Executive Viewpoint

Biden Administration Directs Federal Agencies to Patch Known Vulnerabilities

VMware continues to assist public organizations in their defense against cyberattacks

Today, the Biden administration ordered nearly all federal agencies to patch hundreds of cybersecurity vulnerabilities that are known to be exploited, where patches are available. This directive is one of the first actions taken by the Cybersecurity and Infrastructure Security Agency (CISA) and its Joint Cyber Defense Collaborative (JCDC), of which VMware is a member. 

VMware values its long-standing strategic partnership with the federal government and our federal partners in helping to combat cyber and ransomware attacks. As the foundation for critical infrastructure in today’s connected world, VMware brings a unique perspective to the JCDC. With cyberattacks growing in sophistication and frequency, VMware is committed to demonstrating transparency, security accountability, and collaboration with the JCDC, CISA and other federal agencies.  

Hardening government systems is paramount to improve the security ecosystem and defend cyberspace globally. We must provide the tools that federal agencies need to protect themselves and draw upon VMware’s level of visibility into the threats that put the federal government at risk. We commend CISA for partnering with the private sector to bring more attention to known exploited vulnerabilities where patches are available, and to encourage immediate action.  

CISA’s catalog of known exploited vulnerabilities can be found hereWe urge both the public and private sector to apply the available patches immediately. Vulnerability management is critical to protect both infrastructure and industry from threats ranging from ransomware to supply chain attacks. Any critical system that is out of date is a meaningful security risk. VMware publishes our own security advisories here as part of our responsibility to customers and stakeholders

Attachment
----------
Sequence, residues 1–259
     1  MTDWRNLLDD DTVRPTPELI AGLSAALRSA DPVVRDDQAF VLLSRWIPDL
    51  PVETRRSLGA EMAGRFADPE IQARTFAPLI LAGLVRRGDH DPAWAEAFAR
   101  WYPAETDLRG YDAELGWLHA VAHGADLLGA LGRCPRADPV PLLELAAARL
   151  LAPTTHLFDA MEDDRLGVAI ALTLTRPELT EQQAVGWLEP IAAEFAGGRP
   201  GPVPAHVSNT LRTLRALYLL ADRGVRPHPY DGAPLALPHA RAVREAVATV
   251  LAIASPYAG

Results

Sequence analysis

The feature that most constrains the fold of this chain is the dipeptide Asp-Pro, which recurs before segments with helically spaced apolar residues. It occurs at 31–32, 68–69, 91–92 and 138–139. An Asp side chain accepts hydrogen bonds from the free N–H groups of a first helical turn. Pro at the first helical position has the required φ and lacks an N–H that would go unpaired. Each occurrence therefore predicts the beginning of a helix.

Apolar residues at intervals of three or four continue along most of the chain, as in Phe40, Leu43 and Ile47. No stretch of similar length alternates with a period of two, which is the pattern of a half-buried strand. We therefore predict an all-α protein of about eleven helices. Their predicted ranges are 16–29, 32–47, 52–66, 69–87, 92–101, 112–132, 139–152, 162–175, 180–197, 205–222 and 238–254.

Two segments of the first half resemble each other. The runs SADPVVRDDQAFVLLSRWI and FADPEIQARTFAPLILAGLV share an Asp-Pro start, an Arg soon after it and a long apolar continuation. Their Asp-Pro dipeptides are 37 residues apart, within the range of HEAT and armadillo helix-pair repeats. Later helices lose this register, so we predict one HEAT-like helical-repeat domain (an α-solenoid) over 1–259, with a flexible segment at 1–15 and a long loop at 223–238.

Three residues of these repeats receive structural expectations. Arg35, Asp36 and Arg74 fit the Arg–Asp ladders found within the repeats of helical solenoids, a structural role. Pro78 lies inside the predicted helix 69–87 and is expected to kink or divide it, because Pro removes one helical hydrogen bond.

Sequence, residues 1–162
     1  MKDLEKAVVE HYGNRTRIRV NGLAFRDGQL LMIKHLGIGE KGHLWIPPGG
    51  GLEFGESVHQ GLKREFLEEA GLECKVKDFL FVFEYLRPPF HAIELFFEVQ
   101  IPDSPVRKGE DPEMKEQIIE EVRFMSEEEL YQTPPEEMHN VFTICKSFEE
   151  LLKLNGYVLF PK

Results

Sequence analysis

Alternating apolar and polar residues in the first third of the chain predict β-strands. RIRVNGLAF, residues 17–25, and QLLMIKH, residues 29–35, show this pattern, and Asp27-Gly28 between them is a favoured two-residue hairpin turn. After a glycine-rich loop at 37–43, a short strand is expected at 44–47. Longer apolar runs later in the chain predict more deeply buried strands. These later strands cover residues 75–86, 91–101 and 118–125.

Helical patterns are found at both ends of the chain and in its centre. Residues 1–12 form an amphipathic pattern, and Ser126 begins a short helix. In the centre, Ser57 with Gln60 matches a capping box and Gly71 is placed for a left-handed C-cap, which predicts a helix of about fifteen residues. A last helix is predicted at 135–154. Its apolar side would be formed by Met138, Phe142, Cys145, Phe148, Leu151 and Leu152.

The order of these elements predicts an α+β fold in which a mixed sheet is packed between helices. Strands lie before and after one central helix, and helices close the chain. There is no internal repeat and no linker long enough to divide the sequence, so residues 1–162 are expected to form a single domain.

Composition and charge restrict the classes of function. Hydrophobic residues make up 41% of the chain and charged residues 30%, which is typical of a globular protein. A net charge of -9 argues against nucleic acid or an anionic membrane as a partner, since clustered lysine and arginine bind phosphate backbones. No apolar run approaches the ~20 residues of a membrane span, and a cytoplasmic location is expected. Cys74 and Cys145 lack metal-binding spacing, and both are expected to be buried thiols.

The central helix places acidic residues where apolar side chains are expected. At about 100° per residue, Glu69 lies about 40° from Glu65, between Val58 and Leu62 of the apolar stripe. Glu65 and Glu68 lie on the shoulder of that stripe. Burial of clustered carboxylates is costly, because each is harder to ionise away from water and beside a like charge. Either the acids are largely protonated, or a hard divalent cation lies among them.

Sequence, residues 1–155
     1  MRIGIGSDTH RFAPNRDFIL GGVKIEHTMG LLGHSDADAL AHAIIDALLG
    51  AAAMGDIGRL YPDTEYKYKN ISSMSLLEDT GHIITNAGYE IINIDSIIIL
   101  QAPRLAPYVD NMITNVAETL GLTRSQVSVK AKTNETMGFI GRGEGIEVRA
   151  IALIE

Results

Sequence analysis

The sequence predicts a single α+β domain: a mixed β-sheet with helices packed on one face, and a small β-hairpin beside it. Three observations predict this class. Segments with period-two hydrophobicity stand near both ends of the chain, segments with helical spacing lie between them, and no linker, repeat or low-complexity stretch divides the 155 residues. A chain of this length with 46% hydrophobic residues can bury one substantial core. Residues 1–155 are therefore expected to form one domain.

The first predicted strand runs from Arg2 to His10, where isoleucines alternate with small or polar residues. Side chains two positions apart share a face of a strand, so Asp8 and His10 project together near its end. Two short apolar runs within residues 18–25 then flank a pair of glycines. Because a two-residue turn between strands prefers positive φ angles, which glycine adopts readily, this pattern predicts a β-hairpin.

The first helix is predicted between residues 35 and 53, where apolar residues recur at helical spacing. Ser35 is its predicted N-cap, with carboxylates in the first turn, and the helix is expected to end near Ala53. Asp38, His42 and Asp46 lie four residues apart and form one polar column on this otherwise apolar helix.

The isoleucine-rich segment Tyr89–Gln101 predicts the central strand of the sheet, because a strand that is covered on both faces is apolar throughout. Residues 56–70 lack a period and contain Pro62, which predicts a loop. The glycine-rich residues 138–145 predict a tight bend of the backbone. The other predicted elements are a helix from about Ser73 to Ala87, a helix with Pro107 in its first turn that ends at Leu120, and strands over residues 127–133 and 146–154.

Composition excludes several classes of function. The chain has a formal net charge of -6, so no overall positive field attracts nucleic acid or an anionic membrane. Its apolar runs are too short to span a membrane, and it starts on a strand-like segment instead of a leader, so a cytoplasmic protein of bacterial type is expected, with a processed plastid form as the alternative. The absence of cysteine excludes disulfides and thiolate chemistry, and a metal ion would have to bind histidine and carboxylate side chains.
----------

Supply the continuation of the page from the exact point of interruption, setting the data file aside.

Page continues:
In addition to hardening and patching to keep systems up to date and consistently maintained, improved cyber hygiene is imperative for any security program. Some basic principles of cyber hygiene on the journey toward Zero Trust include: 

  1. Multi-factor Authentication: Verify users and system components using multiple factors (not just simple passwords) and according to the risk associated with the requested access or function. 
  2. Least Privilege: Allow users only the minimum necessary access needed to perform their job and nothing more. System components should be allowed only the minimum necessary function required. 
  3. Micro-segmentation: Divide the whole IT environment into smaller parts to make it more manageable to protect and contain the damage if one part gets compromised. 
  4. Encryption: Encrypt all data, whether stored or transmitted. In the event of a data breach, critical files should only result in unreadable data. 
  5. Behavior-based Approaches: Implement behavior-based approaches for prevention, detection and response. The new breed of sophisticated attacks will not be addressed with legacy anti-malware solutions. Attacks that leverage legitimate software, like the SolarWinds breach, require behavior-based approaches for prevention, detection, and response. 

As we lead the way in making cybersecurity an inherent and distributed part of our infrastructure, we are honored to team up with CISA to proactively address and defend against the growing wave of cyberattacks on US organizations and government agencies.